[Public Papers of the Presidents of the United States: William J. Clinton (1995, Book II)] [August 3, 1995] [Pages 1199-1200] [From the U.S. Government Publishing Office www.gpo.gov]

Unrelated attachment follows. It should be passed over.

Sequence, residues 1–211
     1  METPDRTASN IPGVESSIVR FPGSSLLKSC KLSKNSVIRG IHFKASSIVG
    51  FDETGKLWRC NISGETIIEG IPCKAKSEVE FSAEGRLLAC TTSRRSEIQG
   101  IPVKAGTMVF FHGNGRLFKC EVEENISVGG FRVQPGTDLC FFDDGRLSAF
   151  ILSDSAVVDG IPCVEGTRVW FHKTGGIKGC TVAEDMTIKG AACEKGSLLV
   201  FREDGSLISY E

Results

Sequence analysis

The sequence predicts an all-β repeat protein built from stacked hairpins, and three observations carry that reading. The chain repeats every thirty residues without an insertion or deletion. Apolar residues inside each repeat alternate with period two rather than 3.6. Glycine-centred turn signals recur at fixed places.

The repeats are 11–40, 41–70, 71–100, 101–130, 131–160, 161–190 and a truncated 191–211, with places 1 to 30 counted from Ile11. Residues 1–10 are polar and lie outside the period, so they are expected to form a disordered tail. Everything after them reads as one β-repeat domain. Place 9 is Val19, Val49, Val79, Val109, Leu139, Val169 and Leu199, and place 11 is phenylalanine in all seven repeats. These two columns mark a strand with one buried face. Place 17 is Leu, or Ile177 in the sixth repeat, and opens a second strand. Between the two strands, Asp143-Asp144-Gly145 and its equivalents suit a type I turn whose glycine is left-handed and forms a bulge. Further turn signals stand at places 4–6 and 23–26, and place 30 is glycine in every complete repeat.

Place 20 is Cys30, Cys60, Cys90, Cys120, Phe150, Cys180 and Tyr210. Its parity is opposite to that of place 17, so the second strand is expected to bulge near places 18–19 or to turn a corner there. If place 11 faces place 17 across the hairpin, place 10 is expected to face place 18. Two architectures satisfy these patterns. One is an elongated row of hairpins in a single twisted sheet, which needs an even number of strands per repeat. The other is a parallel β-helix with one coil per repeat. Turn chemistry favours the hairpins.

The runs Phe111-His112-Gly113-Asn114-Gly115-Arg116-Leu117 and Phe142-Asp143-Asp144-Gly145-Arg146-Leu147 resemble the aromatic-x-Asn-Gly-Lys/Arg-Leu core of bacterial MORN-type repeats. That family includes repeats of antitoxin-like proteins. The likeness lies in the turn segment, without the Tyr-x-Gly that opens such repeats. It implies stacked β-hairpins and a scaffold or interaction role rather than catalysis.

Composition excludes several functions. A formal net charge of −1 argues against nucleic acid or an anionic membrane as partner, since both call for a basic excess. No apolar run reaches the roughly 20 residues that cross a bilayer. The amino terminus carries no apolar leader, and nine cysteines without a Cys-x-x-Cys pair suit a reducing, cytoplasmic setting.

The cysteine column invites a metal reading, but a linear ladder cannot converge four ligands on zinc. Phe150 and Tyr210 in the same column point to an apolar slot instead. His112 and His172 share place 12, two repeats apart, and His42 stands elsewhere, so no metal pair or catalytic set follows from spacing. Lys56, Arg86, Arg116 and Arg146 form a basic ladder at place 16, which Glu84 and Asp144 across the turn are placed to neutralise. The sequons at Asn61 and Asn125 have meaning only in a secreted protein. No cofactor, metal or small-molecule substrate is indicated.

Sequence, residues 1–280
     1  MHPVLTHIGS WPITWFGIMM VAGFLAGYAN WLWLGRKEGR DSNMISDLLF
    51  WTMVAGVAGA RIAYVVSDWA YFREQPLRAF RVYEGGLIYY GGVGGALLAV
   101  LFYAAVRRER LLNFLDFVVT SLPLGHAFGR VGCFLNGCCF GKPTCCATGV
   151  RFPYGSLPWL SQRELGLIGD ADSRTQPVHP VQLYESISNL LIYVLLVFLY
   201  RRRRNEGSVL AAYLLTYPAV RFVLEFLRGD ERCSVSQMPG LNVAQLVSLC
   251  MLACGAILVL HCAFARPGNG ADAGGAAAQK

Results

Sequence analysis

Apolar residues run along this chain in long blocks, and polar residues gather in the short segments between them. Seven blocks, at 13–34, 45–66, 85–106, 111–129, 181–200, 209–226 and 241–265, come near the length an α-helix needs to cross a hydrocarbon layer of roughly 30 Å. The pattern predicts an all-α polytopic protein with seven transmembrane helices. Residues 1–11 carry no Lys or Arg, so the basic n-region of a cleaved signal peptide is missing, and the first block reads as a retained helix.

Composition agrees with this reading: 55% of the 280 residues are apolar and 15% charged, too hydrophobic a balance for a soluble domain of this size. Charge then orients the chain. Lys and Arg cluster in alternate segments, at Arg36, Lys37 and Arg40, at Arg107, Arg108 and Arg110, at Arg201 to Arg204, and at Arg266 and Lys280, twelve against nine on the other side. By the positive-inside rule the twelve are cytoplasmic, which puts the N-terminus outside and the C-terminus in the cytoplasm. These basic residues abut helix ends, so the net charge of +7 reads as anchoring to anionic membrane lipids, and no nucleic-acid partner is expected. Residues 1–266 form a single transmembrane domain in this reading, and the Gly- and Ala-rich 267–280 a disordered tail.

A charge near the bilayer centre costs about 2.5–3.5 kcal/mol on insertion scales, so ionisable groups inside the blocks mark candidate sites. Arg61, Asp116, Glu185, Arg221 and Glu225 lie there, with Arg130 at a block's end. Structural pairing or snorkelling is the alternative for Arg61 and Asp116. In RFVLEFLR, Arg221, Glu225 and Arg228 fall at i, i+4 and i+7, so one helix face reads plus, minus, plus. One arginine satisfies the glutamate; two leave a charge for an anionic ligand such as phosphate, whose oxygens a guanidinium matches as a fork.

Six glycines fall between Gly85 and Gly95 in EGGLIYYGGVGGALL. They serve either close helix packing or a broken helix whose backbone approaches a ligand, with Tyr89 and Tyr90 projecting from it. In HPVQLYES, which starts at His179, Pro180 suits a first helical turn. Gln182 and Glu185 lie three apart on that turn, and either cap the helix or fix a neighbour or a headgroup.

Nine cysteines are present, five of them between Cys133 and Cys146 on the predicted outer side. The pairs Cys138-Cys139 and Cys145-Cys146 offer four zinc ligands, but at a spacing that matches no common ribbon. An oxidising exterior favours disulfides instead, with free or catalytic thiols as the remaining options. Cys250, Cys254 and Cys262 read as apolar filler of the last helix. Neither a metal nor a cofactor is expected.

Message to the Congress Transmitting the National Urban Policy Report August 3, 1995 To the Congress of the United States: I transmit herewith my Administration's National Urban Policy Report, ``Empowerment: A New Covenant With America's Communities,'' as required by 42 U.S.C. 4503(a). The Report provides a framework for empowering America's disadvantaged citizens and poor communities to build a brighter future for themselves, for their families and neighbors, and for America. The Report is organized around four principles: First, it links families to work. It brings tax, education and training, housing, welfare, public safety, transportation, and capital access policies together to help families make the transition to self-sufficiency and independence. This linkage is critical to the transformation of our communities. Second, it leverages private investment in our urban communities. It works with the market and the private sector to build upon the natural assets and competitive advantages of urban communities. Third, it is locally driven. The days of made in Washington solutions, dictated by a distant Government, are gone. Instead, solutions must be locally crafted, and implemented by entrepreneurial public entities, private actors, and a growing network of community-based firms and organizations. Fourth, it relies on traditional values--hard work, family, responsibility. The problems of so many inner-city neighborhoods--family break-up, teen pregnancy, abandonment, crime, drug use--will be solved only if indi- [[Page 1200]] viduals, families, and communities determine to help themselves. These principles reflect an emerging consensus in the decades-long debate over urban policy. These principles are neither Democratic nor Republican: they are American. They will enable local communities, individuals and families, businesses, churches, community-based organizations, and civic groups to join together to seize the opportunities and to solve the problems in their own lives. They will put the private sector back to work for all families in all communities. I therefore invite the Congress to work with us on a bipartisan basis to implement an empowerment agenda for America's communities and families. In a sense, poor communities represent an untapped economic opportunity for our whole country. While we work together to open foreign markets abroad to American-made goods and services, we also need to work together to open the economic frontiers of poor communities here at home. By enabling people and communities in genuine need to take greater responsibility for working harder and smarter together, we can unleash the greatest underused source of growth and renewal in each of the local regions that make up our national economy and civic life. This will be good for cities and suburbs, towns and villages, and rural and urban America. This will be good for families. This will be good for the country. We have undertaken initiatives that seek to achieve these goals. Some seek to empower local communities to help themselves, including Empowerment Zones, Community Development banks, the Community Opportunity Fund, community policing, and enabling local schools and communities to best meet world-class standards. And some seek to empower individuals and families to help themselves, including our expansion of the earned-income tax cut for low- and moderate-income working families, and our proposals for injecting choice and competition into public and assisted housing and for a new G.I. Bill for America's Workers. I am determined to end Federal budget deficits, and my balanced budget proposal shows that we can balance the budget without abandoning the investments that are vital to the security and prosperity of the country, now and in the future. I am confident that, working together, we can build common ground on an empowerment agenda while putting our fiscal house in order. I will do everything in my power to make sure this happens. William J. Clinton The White House, August 3, 1995.